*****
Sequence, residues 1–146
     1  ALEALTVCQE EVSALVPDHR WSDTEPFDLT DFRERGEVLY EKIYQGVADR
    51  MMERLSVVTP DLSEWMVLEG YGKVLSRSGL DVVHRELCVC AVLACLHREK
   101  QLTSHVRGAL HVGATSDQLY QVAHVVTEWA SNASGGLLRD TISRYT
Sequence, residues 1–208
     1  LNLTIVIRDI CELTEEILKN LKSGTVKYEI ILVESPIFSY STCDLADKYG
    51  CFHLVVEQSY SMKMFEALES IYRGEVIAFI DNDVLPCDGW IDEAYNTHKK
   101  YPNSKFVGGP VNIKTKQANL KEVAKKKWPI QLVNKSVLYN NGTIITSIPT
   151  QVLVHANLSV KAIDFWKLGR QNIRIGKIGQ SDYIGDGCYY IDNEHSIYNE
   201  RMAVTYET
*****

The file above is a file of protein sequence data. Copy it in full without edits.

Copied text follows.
Sequence, residues 1–146
     1  ALEALTVCQE EVSALVPDHR WSDTEPFDLT DFRERGEVLY EKIYQGVADR
    51  MMERLSVVTP DLSEWMVLEG YGKVLSRSGL DVVHRELCVC AVLACLHREK
   101  QLTSHVRGAL HVGATSDQLY QVAHVVTEWA SNASGGLLRD TISRYT
Sequence, residues 1–208
     1  LNLTIVIRDI CELTEEILKN LKSGTVKYEI ILVESPIFSY STCDLADKYG
    51  CFHLVVEQSY SMKMFEALES IYRGEVIAFI DNDVLPCDGW IDEAYNTHKK
   101  YPNSKFVGGP VNIKTKQANL KEVAKKKWPI QLVNKSVLYN NGTIITSIPT
   151  QVLVHANLSV KAIDFWKLGR QNIRIGKIGQ SDYIGDGCYY IDNEHSIYNE
   201  RMAVTYET